Monday, September 22, 2014

Refueling on the Razorback Greenway

As longer and longer trips on the Razorback Greenway become possible, more and more people will be looking for places to take a pit stop or refuel.  Starting in Fayetteville and ending in Bella Vista, this is a list of places within a couple blocks of the trail where you can get cold drinks, snacks, or use the facilities.  The numbers provided are rough distances from where the trail hits 15th St. at the southern end of Walker Park.  The map at the very end comes from NWATrails.org and shows parking, water fountains, and more.


Fayetteville - 15th and Walker Park

0.0 Bathroom in the SE corner of the park near the basketball goals.
0.5  Korean Market less than a block north of the trail on School. Cold drinks near the front door and lots of interesting snacks, produce, and food options.
0.6 Just past School, the Tsa La Gi Trail splits off from the Greenway and provides access to a gas station and many fast food places and restaurants.

Fayetteville - MLK to Dickson
0.9 Wood Stone Pizza and Greenhouse Grille are great local places for good food and drinks. There is a Walgreens across School.
1.1 The Fayetteville Public Library is just to the east up a steep, short spur trail. It has a cafe and restrooms.
1.2 Once you hit Center, Geraldi's is a block to the west on University.
1.3 Wine Cellar, Rolando's, and a chicken place are right on the trail. Grubs is across the street.
1.4 Dickson Street! There are dozens of restaurants and bars here. Arsaga's and Deluxe Burger are right on the trail.




To Be Continued...
Contact me if I'm missing a place or if you want your business featured.




Sunday, September 7, 2014

Jemison Park Nature Trail - Birmingham, AL

The Jemison Park Nature Trail in Mountain Brook runs along Shades Creek and Watkins Creek about a mile east of the Birmingham Zoo and wonderful Botanical Gardens.  This scenic 2+ mile trail is well-used by joggers, people with dogs, and walkers.  Much of the trail is paved, but the two ends of the trail are unpaved and there are several dirt spurs that go closer to the creek.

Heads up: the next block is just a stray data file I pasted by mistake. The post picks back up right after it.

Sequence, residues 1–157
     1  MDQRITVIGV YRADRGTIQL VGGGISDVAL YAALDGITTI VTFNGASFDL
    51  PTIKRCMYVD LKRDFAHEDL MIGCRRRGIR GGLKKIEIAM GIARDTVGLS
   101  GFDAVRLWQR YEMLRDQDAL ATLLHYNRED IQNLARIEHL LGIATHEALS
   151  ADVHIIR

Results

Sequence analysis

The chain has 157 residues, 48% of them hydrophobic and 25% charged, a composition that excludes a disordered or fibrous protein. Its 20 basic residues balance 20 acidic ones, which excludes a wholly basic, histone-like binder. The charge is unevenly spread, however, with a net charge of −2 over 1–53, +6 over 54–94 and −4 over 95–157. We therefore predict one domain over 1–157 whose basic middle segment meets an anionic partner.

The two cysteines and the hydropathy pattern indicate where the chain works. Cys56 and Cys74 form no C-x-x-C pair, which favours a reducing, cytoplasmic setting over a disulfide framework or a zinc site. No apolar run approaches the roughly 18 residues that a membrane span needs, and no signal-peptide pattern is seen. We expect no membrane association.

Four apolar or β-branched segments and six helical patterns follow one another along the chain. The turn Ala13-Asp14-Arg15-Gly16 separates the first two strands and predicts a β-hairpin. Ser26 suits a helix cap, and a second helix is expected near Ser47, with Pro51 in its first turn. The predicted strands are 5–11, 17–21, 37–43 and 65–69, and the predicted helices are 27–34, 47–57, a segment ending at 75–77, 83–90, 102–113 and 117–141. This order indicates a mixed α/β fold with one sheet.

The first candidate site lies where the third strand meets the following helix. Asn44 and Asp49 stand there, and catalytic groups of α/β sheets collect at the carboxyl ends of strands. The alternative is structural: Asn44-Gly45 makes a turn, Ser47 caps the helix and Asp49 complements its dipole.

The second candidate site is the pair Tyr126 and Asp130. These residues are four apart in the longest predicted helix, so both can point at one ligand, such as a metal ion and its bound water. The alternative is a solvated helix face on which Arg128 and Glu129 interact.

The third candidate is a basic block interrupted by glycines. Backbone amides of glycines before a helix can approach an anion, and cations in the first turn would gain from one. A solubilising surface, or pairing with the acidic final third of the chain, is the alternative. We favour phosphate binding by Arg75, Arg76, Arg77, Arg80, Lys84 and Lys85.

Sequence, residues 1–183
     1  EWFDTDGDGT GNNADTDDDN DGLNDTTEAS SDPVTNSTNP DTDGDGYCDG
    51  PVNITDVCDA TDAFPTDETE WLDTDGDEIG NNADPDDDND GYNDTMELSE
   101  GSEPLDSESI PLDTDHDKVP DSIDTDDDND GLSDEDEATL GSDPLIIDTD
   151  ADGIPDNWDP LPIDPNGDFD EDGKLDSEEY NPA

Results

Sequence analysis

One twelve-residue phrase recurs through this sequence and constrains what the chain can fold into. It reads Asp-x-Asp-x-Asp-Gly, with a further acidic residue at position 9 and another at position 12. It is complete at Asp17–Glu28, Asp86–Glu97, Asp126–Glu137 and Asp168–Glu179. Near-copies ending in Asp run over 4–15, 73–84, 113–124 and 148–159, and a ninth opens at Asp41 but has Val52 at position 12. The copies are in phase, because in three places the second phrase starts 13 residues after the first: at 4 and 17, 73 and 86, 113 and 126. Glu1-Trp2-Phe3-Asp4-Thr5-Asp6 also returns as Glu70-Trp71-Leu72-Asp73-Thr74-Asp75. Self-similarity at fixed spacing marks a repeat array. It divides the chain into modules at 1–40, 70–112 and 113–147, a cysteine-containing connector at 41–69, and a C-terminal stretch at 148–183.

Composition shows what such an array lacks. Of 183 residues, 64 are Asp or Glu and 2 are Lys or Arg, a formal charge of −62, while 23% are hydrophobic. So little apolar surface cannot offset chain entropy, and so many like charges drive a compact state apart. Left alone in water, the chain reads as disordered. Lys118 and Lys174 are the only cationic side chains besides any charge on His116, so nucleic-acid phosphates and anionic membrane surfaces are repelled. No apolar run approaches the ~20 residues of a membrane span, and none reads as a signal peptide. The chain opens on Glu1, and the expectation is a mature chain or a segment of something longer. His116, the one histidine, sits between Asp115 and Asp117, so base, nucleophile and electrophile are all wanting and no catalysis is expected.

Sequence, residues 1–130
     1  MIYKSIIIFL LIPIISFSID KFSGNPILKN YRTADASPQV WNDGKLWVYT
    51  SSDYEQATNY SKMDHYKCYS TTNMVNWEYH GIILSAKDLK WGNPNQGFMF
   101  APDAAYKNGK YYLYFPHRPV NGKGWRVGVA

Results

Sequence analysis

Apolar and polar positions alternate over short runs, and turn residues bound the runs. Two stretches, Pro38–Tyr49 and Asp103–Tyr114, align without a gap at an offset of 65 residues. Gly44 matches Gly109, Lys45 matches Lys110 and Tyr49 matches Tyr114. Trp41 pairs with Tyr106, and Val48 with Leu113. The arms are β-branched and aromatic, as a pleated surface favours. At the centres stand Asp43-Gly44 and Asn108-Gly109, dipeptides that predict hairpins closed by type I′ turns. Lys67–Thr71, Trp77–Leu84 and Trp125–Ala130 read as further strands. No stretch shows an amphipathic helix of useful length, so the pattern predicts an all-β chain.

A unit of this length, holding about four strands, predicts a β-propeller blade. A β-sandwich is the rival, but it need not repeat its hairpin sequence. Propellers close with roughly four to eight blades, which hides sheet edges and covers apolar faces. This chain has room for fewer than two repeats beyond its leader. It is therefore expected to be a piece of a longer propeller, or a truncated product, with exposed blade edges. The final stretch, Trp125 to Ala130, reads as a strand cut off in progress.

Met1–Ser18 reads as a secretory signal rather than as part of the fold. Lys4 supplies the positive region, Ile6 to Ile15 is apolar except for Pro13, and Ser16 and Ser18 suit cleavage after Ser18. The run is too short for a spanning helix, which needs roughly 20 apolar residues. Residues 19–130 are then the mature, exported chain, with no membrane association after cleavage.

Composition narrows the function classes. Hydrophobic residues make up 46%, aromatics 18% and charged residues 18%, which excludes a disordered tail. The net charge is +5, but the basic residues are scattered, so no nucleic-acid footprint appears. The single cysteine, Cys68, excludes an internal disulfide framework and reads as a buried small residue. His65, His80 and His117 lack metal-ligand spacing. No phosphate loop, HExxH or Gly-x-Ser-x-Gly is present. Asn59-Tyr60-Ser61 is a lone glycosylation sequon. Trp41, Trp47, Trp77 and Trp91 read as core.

View Jemison Trail in a larger map

Audubon Arkansas Nature Center Wildlife Observation Trail

Located on land that was formerly Gillam Park and public housing, the 400+ ac. Audubon Arkansas Nature Center encompasses several different habitat types including bottomland hardwood forest, cypress-lined oxbow, upland white oak/hickory, post oak savannah, and ultra-rare nepheline syenite glades.

My book, Trails of Central Arkansas, contains maps of the older trails around the center, but it doesn't have the newest trails that were recently completed.  These trails loop around through the post oak savannah on the hillside behind the nature center building.  Some of the trails are "Barrier Free", while others are paved but too steep to meet the definition.

The trails have educational signage and great views of downtown Little Rock and the airport runways.  The best way to access them is to park at the Audubon Arkansas Office on Springer Blvd.

Hopefully this trail will soon head west through the unique glades and down to the trails around the oxbow and the rest of the center.

More information can be found at: http://ar.audubon.org/
To learn more about how the nature center property could one day be part of a much larger public greenspace full of trails and floating opportunities, read my post on Fourche Bottoms Park.